Risks of Plastic Surgery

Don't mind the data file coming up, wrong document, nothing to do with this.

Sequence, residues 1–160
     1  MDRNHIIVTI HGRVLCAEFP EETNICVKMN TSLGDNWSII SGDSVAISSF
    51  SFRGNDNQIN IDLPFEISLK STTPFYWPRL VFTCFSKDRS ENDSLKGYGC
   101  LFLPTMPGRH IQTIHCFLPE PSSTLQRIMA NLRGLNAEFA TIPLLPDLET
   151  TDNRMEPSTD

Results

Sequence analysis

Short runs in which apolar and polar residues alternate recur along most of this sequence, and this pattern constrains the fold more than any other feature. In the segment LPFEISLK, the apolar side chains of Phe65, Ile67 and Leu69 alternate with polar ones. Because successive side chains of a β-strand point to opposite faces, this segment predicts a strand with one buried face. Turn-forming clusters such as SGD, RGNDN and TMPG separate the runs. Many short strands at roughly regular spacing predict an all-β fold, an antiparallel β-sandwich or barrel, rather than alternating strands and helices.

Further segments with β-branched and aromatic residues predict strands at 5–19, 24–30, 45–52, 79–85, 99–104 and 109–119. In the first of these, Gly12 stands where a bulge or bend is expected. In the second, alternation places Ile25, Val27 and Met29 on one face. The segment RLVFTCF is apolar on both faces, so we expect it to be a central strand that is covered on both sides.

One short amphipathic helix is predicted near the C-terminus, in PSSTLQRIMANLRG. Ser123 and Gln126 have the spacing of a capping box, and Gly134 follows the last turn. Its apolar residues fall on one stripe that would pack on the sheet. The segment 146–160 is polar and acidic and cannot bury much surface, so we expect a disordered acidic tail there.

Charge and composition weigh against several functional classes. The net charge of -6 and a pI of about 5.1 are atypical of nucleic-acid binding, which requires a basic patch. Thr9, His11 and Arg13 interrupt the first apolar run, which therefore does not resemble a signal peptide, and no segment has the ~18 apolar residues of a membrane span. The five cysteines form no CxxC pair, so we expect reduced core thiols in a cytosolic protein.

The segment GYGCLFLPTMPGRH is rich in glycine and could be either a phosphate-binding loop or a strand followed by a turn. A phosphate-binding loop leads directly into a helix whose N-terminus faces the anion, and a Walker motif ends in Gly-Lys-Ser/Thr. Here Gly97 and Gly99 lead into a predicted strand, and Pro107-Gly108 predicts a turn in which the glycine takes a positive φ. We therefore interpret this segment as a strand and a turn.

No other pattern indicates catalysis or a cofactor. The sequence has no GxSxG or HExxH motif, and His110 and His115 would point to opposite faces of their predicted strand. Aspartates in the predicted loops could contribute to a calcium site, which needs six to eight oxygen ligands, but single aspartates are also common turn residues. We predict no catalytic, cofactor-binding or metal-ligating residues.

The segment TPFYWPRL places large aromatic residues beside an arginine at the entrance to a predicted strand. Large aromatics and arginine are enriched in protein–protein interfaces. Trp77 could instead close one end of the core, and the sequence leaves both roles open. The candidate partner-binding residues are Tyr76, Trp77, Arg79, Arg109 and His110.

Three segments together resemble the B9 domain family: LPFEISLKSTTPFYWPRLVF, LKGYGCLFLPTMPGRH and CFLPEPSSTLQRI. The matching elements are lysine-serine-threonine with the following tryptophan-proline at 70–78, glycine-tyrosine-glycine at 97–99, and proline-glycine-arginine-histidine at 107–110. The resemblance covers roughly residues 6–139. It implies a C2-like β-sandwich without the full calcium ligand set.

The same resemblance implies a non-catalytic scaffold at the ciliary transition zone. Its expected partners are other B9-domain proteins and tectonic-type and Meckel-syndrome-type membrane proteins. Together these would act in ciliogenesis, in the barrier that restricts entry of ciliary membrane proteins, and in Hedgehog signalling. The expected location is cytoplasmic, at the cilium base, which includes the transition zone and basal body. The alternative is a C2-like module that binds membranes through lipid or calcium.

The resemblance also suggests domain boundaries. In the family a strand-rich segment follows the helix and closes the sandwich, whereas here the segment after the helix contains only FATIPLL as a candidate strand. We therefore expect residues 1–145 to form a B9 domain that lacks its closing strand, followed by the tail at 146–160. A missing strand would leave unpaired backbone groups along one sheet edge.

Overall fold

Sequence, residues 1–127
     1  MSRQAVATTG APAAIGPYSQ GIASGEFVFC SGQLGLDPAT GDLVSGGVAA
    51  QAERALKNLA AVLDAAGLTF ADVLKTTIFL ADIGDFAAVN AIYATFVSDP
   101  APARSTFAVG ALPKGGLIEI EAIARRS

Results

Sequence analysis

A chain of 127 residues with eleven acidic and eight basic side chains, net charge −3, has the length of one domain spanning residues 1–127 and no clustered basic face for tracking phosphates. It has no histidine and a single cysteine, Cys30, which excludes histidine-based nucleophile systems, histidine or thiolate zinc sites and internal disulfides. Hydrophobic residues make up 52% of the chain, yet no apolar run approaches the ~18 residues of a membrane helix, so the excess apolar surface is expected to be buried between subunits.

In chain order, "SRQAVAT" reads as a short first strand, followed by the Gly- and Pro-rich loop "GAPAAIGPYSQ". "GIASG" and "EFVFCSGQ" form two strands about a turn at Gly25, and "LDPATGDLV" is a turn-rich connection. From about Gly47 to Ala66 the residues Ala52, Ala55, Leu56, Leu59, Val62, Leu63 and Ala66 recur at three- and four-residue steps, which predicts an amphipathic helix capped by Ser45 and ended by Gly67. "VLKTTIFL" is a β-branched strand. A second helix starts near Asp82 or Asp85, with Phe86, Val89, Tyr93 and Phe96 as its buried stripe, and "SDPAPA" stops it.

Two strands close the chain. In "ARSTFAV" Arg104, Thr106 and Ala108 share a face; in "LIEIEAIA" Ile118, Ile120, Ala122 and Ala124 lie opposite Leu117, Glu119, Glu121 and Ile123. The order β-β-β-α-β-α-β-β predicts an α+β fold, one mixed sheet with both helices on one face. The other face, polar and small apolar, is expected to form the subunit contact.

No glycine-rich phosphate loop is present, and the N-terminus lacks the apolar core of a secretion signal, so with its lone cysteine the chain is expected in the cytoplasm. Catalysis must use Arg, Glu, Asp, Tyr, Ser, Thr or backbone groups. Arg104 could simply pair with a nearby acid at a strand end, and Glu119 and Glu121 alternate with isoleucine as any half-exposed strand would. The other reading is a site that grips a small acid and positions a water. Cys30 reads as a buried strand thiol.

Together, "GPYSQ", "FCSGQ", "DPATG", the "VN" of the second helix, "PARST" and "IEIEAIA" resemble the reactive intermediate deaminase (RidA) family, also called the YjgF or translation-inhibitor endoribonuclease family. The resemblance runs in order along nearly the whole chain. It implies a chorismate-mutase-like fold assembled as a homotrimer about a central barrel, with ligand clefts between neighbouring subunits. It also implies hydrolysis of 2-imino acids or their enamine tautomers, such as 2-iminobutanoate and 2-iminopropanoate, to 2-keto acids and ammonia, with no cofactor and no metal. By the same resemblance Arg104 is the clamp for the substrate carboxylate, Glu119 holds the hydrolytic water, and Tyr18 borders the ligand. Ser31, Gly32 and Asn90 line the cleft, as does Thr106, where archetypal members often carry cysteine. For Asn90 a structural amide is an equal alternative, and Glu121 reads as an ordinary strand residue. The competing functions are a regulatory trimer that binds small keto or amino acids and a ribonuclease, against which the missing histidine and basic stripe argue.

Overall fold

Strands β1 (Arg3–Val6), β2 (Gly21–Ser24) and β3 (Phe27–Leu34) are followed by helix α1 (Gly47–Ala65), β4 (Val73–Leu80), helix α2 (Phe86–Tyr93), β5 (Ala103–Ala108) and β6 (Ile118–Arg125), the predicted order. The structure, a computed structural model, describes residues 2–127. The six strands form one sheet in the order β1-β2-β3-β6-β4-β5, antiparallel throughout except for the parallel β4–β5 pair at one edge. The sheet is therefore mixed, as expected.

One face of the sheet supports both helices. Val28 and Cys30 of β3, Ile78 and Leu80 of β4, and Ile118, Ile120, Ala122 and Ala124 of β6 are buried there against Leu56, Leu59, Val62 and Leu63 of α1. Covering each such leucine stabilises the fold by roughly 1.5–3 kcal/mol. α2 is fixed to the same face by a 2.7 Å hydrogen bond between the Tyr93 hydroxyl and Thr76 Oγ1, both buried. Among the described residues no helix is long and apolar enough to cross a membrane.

Plastic surgery has become an obsession in America throughout the past decade. American society seems to hold an incredibly high standard of appearance that rewards only those who are thin, young and beautiful. The pressure that is put on individuals to obtain a certain degree of perfection is somewhat disturbing. The media has recently given us, as Americans, nothing less than perfectionism to strive for. Television shows like "The Swan" and "Extreme Makeover" rely solely on using plastic surgery to change what is considered a below average looking woman, into someone that society deems to be beautiful. It is very rare that one sees someone of even an average weight starring in a movie or gracing the cover of a magazine. It seems that only those who are unnaturally skinny and perceived to be beautiful receive such opportunities. It is this sort of mindset that is causing plastic surgery to become more and more commonplace and widely accepted throughout society. My interest in the subject of plastic surgery has grown due to the constant pressure that is placed on women today to live up to these unreasonable standards. Teenagers, and even their parents, are completely enveloped in what society thinks they should look like. This causes self-esteem levels to be contingent upon appearance rather than value systems or moral codes. Although they are often downplayed in the media, the social, physical, and psychological risks of plastic surgery are very dangerous to a person's well-being. The influence that our society today has over what is considered beautiful is overwhelming. It seems so important to Americans to look their best at all times, regardless of the costs or consequences. Plastic surgery has become commonplace in the past few years that many patients do not think twice about going under the knife. For many years cosmetic surgery was mostly American, however, it is now widely accepted throughout the world. In the 1920's and...
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